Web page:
Naeije R, Melot C, Mols P, Hallemans R: Effects of vasodilators on hypoxic pulmonary vasoconstriction in normal man. Chest. 1982, 82: 404-410. 10.1378/chest.82.4.404.
Bernardi L, Passino C, Spadacini G, Calciati A, Robergs R, Greene R, Martignoni E, Anand I, Appenzeller O: Cardiovascular autonomic modulation and activity of carotid baroreceptors at altitude. Clin Sci (Lond). 1998, 95: 565-573.
Kanstrup IL, Poulsen TD, Hansen JM, Andersen LJ, Bestle MH, Christensen NJ, Olsen NV: Blood pressure and plasma catecholamines in acute and prolonged hypoxia: effects of local hypothermia. J Appl Physiol. 1999, 87: 2053-2058.
Rhodes HL, Chesterman K, Chan CW, Collins P, Kewley E, Pattinson KT, Myers S, Imray CH, Wright AD: Systemic blood pressure, arterial stiffness and pulse waveform analysis at altitude. J R Army Med Corps. 2011, 157: 110-113. 10.1136/jramc-157-01-18.
Shrestha S, Shrestha A, Shrestha S, Bhattarai D: Blood pressure in inhabitants of high altitude of Western Nepal. JNMA J Nepal Med Assoc. 2012, 52: 154-158.
Wolfel EE, Selland MA, Mazzeo RS, Reeves JT: Systemic hypertension at 4,300 m is related to sympathoadrenal activity. J Appl Physiol. 1994, 76: 1643-1650.
Chobanian AV, Bakris GL, Black HR, Cushman WC, Green LA, Izzo JL, Jones DW, Materson BJ, Oparil S, Wright JT, Roccella EJ: Seventh report of the Joint National Committee on Prevention, Detection, Evaluation, and Treatment of High Blood Pressure. Hypertension. 2003, 42: 1206-1252. 10.1161/01.HYP.0000107251.49515.c2.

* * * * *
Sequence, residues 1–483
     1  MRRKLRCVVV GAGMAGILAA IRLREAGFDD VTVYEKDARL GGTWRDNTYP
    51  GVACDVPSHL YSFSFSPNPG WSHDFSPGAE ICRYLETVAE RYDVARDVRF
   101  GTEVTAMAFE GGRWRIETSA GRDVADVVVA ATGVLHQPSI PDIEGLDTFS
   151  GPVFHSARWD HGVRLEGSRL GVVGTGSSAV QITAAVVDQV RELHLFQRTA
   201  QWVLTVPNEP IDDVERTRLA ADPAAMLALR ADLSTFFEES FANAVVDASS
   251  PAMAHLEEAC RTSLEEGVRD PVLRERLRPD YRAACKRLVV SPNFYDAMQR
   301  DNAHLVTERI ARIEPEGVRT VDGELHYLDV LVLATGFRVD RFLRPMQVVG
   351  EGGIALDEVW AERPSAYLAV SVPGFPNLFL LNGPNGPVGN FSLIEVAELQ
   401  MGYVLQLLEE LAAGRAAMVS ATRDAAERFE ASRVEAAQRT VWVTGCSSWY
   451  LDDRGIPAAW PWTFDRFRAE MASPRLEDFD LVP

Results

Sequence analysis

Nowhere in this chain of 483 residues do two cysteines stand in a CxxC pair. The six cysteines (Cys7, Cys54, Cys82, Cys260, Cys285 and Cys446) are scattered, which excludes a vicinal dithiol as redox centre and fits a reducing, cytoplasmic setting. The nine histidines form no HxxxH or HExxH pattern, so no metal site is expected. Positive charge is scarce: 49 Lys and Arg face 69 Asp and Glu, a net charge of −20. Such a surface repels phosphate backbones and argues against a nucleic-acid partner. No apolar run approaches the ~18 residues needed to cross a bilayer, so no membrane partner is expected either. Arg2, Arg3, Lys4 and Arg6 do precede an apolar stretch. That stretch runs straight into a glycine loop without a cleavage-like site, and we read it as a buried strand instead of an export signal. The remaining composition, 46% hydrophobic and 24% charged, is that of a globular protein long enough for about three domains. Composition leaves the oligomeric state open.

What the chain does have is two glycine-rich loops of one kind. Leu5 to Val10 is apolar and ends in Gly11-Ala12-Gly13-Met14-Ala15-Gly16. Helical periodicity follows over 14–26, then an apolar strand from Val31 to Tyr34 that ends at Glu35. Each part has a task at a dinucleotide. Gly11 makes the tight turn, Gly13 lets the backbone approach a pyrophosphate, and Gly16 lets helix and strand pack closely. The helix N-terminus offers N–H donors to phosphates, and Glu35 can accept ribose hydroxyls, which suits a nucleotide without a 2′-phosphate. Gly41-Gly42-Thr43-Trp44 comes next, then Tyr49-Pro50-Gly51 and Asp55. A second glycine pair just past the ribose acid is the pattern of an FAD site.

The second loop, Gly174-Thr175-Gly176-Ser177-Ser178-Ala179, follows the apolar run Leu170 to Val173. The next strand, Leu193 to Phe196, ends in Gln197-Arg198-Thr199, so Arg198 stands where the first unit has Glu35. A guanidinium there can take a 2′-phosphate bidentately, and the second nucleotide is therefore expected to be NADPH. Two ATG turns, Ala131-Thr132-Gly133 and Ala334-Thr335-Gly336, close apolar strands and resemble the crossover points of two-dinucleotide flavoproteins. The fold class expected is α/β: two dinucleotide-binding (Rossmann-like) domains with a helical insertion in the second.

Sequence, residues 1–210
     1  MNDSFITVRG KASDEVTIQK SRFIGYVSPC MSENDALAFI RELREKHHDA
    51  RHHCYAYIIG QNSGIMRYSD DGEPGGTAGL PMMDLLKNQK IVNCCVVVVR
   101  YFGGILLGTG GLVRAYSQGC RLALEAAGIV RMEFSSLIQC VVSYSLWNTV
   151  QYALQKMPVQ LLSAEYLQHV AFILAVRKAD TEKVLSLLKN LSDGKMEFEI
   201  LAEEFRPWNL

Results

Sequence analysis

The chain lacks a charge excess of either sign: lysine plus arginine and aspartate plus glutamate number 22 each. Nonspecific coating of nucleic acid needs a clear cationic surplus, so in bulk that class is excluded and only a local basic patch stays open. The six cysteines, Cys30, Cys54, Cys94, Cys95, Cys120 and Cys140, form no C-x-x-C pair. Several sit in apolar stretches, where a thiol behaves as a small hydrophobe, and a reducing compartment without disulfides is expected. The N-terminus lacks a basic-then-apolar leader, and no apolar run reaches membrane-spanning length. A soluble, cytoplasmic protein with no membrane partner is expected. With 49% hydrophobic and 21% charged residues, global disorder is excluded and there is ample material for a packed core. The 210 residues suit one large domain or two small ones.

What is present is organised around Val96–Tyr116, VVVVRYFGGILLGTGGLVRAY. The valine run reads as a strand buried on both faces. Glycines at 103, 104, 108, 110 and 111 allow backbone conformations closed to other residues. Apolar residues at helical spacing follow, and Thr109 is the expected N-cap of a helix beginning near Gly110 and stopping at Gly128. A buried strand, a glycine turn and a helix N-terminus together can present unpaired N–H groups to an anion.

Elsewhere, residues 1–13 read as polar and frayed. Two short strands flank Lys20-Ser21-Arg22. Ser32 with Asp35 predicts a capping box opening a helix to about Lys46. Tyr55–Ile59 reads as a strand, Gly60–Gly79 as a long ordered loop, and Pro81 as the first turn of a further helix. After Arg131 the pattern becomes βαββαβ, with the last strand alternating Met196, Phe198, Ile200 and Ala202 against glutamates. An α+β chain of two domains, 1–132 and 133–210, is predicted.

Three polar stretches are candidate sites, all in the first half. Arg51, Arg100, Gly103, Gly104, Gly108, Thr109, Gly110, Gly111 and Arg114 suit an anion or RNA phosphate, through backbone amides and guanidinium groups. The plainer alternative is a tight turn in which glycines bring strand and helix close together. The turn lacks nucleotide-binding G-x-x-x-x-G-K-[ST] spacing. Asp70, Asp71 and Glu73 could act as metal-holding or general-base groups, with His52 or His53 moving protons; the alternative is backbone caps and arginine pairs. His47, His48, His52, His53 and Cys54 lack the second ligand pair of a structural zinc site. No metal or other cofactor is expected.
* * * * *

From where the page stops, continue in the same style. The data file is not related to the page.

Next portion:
European Society of Hypertension-European Society of Cardiology Guidelines Committee: 2003 European Society of Hypertension-European Society of Cardiology guidelines for the management of arterial hypertension. J Hypertens. 2003, 21: 1011-1053.
Bartsch P, Bailey DM, Berger MM, Knauth M, Baumgartner RW: Acute mountain sickness: controversies and advances. High Alt Med Biol. 2004, 5: 110-124. 10.1089/1527029041352108.
Johns MW: A new method for measuring daytime sleepiness: the Epworth sleepiness scale. Sleep. 1991, 14: 540-545.
Dong JQ, Zhang JH, Qin J, Li QN, Huang W, Gao XB, Yu J, Chen GZ, Tang XG, Huang L: Anxiety correlates with somatic symptoms and sleep status at high altitudes. Physiol Behav. 2013, 112–113: 23-31.
Soldatos CR, Dikeos DG, Paparrigopoulos TJ: Athens Insomnia Scale: validation of an instrument based on ICD-10 criteria. J Psychosom Res. 2000, 48: 555-560. 10.1016/S0022-3999(00)00095-7.
Soldatos CR, Dikeos DG, Paparrigopoulos TJ: The diagnostic validity of the Athens Insomnia Scale. J Psychosom Res. 2003, 55: 263-267. 10.1016/S0022-3999(02)00604-9.
D'Este D, Mantovan R, Martino A, D'Este F, Artusi L, Allibardi P, Franceschi M, Zerio C, Pascotto P: The behavior of the arterial pressure at rest and under exertion in normotensive and hypertensive subjects exposed to acute hypoxia at a median altitude. G Ital Cardiol. 1991, 21: 643-649.